For the uninitiated, “administrative processing” (AP) is State Department-speak for a temporary visa refusal pending further investigation of a visa application. (9 FAM Appendix E, 404). The applicant typically learns of the temporary refusal when, at the conclusion of the interview, the consular officer issues a written notice stating that under section 221(g) of the Immigration and Nationality Act no visa can be issued until additional administrative processing has been completed.
Security Advisory Opinions
Administrative processing may involve a request by the consular officer for a Security Advisory Opinion (SAO) from the Department as to whether the applicant poses a risk to the United States. Before issuing the SAO, the Department may in turn consult with other government agencies, such as law enforcement and intelligence agencies. There are various types of SAOs, such as:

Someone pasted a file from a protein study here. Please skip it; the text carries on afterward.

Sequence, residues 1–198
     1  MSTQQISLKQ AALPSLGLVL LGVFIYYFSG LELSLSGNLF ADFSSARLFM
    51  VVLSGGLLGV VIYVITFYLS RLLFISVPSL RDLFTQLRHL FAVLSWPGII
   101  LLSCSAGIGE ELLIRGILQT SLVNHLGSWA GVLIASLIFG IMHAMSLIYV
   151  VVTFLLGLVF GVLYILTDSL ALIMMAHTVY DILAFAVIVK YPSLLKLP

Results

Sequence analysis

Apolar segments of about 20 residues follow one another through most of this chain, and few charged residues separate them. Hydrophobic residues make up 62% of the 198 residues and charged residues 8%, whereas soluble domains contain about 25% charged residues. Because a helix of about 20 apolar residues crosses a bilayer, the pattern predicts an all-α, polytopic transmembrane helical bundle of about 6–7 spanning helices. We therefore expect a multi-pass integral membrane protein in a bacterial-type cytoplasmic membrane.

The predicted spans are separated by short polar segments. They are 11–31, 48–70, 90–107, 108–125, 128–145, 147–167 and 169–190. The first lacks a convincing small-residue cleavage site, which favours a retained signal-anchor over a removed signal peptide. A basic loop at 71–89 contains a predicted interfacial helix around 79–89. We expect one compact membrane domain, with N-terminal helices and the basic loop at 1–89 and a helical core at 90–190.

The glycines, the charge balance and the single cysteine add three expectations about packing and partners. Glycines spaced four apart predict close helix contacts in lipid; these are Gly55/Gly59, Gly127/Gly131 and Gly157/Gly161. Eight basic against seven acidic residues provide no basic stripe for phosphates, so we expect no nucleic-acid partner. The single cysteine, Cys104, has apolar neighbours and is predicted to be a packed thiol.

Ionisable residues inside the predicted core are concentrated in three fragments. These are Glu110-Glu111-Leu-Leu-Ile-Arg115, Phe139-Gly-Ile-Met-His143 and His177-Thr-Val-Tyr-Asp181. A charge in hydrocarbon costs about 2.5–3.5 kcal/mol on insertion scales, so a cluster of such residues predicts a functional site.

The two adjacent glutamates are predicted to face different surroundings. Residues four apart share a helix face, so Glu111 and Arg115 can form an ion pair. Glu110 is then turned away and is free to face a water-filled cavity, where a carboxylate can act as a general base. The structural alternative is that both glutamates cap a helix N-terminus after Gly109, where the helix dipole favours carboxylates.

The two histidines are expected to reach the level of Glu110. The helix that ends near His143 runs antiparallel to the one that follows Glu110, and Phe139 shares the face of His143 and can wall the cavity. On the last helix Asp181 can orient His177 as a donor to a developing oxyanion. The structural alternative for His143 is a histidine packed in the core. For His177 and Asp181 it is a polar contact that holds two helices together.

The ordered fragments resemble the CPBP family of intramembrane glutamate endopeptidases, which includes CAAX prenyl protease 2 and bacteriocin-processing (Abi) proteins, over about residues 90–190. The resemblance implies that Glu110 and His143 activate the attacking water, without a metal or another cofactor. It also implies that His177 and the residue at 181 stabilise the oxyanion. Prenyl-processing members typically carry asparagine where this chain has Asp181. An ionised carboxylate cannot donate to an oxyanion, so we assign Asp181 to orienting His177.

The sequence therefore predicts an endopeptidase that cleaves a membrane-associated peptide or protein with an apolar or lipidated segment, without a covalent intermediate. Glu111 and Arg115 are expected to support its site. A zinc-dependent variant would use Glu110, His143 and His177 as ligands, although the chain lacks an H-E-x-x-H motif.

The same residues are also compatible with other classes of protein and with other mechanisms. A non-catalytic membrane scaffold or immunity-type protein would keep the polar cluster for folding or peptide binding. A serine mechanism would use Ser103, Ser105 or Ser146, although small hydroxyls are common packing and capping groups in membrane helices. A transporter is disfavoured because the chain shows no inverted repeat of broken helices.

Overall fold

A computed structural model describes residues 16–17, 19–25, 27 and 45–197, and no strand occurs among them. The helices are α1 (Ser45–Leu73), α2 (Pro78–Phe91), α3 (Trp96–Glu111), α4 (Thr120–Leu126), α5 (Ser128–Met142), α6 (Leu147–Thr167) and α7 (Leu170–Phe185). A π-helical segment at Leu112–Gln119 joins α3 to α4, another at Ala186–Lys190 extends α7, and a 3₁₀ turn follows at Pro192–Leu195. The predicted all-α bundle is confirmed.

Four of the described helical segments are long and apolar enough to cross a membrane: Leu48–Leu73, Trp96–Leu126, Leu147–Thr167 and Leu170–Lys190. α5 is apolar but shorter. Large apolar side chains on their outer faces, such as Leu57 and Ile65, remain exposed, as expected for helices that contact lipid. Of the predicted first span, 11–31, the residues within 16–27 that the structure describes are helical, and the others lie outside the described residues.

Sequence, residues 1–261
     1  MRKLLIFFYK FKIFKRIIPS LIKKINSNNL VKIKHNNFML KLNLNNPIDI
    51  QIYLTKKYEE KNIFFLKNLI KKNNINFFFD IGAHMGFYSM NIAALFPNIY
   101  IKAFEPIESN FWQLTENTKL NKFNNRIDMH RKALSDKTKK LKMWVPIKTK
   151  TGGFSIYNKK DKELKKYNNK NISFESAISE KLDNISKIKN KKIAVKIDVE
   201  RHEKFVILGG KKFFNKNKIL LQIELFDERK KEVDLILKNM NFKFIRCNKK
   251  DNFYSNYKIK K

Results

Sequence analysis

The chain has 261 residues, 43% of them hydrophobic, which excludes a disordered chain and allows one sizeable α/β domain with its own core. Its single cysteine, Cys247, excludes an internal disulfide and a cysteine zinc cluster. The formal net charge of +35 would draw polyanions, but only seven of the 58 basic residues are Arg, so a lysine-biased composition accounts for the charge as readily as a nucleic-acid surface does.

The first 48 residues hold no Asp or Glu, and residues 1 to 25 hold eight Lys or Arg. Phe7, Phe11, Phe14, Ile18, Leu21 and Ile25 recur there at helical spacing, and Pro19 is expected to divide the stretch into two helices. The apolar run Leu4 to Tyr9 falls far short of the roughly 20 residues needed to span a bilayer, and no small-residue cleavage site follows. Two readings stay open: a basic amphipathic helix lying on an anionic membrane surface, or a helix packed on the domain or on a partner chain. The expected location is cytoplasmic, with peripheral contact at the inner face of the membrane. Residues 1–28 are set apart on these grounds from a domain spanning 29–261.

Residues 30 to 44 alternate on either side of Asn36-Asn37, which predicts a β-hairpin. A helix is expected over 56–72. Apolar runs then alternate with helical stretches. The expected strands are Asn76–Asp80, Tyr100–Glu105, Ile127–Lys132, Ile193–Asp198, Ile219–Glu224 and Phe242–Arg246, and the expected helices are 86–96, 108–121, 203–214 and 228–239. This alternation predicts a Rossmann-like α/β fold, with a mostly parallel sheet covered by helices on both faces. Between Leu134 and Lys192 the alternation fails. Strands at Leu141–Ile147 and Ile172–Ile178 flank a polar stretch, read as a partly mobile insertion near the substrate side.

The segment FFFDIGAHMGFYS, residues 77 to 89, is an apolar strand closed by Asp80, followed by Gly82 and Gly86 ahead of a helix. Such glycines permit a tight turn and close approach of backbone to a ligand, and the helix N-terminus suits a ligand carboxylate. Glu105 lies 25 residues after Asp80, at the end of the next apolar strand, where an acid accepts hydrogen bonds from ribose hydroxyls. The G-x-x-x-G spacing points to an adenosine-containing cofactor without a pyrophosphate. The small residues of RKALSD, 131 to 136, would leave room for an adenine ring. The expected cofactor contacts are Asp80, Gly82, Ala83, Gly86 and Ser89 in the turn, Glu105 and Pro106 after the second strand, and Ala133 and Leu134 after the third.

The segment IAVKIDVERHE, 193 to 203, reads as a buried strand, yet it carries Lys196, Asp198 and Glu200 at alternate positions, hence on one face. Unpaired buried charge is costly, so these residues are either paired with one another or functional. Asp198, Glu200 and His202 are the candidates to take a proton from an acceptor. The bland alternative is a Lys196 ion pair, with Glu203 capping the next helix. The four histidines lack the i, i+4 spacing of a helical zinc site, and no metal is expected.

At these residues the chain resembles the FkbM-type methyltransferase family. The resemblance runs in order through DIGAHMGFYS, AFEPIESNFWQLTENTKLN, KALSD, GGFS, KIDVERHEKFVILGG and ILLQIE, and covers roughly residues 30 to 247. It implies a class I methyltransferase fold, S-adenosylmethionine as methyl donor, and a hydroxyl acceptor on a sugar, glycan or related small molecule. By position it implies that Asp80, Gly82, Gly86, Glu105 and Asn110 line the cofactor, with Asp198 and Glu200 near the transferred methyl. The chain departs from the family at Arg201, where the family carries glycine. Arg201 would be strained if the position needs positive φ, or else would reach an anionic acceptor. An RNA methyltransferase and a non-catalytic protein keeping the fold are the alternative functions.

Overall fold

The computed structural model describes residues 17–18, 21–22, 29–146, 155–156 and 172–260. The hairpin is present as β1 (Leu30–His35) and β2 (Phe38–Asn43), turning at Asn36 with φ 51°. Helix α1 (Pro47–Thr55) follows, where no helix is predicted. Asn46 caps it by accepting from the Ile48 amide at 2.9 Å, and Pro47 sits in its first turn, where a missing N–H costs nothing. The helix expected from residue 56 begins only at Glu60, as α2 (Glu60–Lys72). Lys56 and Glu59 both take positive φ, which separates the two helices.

(1) Condor SAOs, which are based on national security concerns, including a concern that the applicant may intend to engage in terrorist activity;
(2) Mantis SAOs, which are based on the applicant’s suspected access to sensitive technology with a potential military application and the unlawful exportation of that technology. See, for example, More Chinese Student Visa Applicants Will Be Subject to Security-Related Delays;
(3) Donkey and National Crime Information Center (NCIC) SAOs, which are based on name matches or “hits” occurring in various databases; and
(4) SAOs related to Communist Party members applying for K-1 or immigrant visas.
Consular officers are warned not to reveal to applicants that a case has been referred to the Department for an SAO. (9 FAM Appendix E, 404).